Monetary management: When should a manager reinvest in the company?

Monetary managementUnlike what happens with investors, the first decision a company has to make when managing its cash is whether it should distribute it to remunerate its shareholders or if that money should stay within the company so that it use it. In this article we will see what should be based on the decision of the management team to reinvest the profits in the company or not to do so and distribute it with the shareholders, and I will warn you about dangerous managers with an air of greatness at any price and the need to avoid them .

When should a company reinvest its money in the business?

In this case the answer is simple, when the relationship between profitability and profitability risk is adequate. In this case, proper financial management in the company is essential, since you must do a scenario analysis that provides you with the profitability that you could achieve by investing the money in improving the business.

In the absence of an adequate return on risk, managers should store it (if they think there are likely to be good investment opportunities in the future) or distribute it to shareholders in the form of dividends or buyback of treasury shares.

Internal profitability and external profitability

In deciding whether a company should invest its money in the company or distribute it among shareholders, the key is to compare its internal profitability with external profitability. Internal profitability is what the company can obtain by investing that money, while external profitability is what shareholders could obtain on their own. If external profitability is higher than internal profitability, the management team must distribute the money among shareholders in the most convenient way.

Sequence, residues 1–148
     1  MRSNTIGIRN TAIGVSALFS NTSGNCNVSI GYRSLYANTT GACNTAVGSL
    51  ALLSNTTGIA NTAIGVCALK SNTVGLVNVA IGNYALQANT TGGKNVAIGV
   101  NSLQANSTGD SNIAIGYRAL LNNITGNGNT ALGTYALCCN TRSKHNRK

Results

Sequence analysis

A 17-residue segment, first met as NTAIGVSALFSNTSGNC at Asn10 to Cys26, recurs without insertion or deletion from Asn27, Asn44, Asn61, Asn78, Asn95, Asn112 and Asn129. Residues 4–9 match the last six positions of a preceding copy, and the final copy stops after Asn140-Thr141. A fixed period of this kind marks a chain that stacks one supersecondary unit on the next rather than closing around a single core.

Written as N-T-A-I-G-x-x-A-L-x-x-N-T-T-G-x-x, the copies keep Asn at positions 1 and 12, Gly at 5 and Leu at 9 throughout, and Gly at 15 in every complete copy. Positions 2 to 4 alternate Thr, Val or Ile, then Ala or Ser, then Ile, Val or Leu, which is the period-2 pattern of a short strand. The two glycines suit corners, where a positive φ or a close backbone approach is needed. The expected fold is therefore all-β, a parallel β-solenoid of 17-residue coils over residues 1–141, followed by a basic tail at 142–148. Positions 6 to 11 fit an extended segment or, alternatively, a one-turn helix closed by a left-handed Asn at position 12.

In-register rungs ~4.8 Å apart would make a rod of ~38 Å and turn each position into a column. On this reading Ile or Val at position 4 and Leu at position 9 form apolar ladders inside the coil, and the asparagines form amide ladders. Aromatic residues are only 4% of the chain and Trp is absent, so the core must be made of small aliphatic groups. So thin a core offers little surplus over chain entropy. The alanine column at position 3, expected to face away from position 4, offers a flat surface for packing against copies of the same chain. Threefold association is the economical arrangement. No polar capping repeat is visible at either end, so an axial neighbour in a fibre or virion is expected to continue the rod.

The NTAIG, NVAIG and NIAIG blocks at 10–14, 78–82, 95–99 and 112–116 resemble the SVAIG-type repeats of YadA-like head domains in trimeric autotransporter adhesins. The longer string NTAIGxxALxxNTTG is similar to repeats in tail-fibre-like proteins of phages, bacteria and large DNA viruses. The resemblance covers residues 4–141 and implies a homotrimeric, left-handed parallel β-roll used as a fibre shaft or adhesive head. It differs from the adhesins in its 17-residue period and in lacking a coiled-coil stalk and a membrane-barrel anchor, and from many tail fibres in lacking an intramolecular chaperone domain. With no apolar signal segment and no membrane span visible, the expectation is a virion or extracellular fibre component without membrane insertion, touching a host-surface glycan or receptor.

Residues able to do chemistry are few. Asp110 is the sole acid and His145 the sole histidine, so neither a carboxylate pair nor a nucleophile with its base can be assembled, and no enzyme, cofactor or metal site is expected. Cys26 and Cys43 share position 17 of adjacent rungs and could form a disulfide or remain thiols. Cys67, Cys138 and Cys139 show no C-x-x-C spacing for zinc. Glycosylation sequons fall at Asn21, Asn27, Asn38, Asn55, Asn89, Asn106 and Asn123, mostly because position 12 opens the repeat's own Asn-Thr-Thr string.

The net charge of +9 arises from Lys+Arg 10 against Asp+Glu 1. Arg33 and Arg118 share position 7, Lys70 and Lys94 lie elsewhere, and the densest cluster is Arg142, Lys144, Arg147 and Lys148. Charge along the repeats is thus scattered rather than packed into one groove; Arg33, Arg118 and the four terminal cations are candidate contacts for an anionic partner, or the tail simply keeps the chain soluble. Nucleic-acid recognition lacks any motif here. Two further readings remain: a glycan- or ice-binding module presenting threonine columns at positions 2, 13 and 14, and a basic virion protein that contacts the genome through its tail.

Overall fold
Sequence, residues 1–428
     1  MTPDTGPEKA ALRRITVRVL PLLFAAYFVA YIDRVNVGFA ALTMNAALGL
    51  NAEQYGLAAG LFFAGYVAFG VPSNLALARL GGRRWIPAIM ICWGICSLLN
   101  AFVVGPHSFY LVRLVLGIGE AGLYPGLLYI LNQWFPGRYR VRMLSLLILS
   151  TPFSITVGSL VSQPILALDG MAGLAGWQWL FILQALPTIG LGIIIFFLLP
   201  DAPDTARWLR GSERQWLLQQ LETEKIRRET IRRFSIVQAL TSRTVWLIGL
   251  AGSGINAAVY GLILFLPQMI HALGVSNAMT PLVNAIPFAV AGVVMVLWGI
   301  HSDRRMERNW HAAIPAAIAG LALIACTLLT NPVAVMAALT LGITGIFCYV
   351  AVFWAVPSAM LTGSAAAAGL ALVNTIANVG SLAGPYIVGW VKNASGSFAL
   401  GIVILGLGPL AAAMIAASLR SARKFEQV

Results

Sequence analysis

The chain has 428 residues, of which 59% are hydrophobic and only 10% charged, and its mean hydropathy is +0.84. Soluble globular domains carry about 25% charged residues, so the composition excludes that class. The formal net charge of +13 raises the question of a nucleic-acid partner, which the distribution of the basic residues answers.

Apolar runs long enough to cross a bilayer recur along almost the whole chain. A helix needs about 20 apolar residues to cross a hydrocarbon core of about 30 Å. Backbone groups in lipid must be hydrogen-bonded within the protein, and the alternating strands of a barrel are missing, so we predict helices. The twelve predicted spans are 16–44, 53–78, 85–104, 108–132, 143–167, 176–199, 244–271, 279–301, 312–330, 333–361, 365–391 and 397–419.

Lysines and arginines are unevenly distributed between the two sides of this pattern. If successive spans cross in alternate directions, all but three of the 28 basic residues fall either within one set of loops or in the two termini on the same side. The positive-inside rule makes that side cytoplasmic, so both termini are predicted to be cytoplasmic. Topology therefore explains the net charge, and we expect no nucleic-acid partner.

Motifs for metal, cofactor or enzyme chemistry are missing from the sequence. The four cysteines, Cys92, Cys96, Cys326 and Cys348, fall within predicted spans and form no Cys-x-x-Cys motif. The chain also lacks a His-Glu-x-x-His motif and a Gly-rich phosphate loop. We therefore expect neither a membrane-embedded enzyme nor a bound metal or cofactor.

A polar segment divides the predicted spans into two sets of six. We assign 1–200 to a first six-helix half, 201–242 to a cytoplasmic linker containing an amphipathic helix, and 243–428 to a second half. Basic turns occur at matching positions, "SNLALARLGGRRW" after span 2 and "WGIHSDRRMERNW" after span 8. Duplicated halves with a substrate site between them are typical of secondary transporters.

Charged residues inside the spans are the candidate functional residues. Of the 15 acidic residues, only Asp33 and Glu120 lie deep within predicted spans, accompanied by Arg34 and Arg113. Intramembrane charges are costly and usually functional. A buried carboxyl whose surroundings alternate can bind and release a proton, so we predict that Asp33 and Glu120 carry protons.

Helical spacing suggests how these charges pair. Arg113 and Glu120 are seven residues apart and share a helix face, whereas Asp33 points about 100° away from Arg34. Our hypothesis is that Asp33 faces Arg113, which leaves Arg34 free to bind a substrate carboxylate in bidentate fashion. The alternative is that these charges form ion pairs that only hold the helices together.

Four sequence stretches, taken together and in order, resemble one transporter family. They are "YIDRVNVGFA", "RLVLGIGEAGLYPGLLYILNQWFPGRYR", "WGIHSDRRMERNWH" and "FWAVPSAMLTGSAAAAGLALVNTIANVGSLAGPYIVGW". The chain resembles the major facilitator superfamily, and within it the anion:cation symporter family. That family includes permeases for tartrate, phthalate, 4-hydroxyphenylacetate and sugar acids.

This idea, which seems simple and logical, is very difficult to implement in practice due to the problem that you will see below.

Beware of management teams with an air of greatness

As we have already seen, management teams have to manage the company's money by dedicating it to the alternative that maximizes the value to its shareholders. Sometimes, as we have seen, they will have to return them to their rightful owners, that is, to shareholders, either by distributing dividends or by repurchasing shares. However, many managers are reluctant to do so for selfish reasons.

One of the great problems that investors have are managers with an air of greatness, who prioritize their desire to manage large companies over their duty to maximize shareholder value. Our duty as investors is to identify them and keep them away from our investment portfolios.

How can we identify these types of managers? The truth is that it is not easy. They tend to have expansive company policies, paying exorbitant prices for the acquisition of their competitors. To identify these types of managers, it is best to know them thoroughly, reading their reports, interviews, statements and everything that comes our way. The truth is that it is not a perfect solution, but it can help us avoid falling into companies that, because of their managers, become value traps.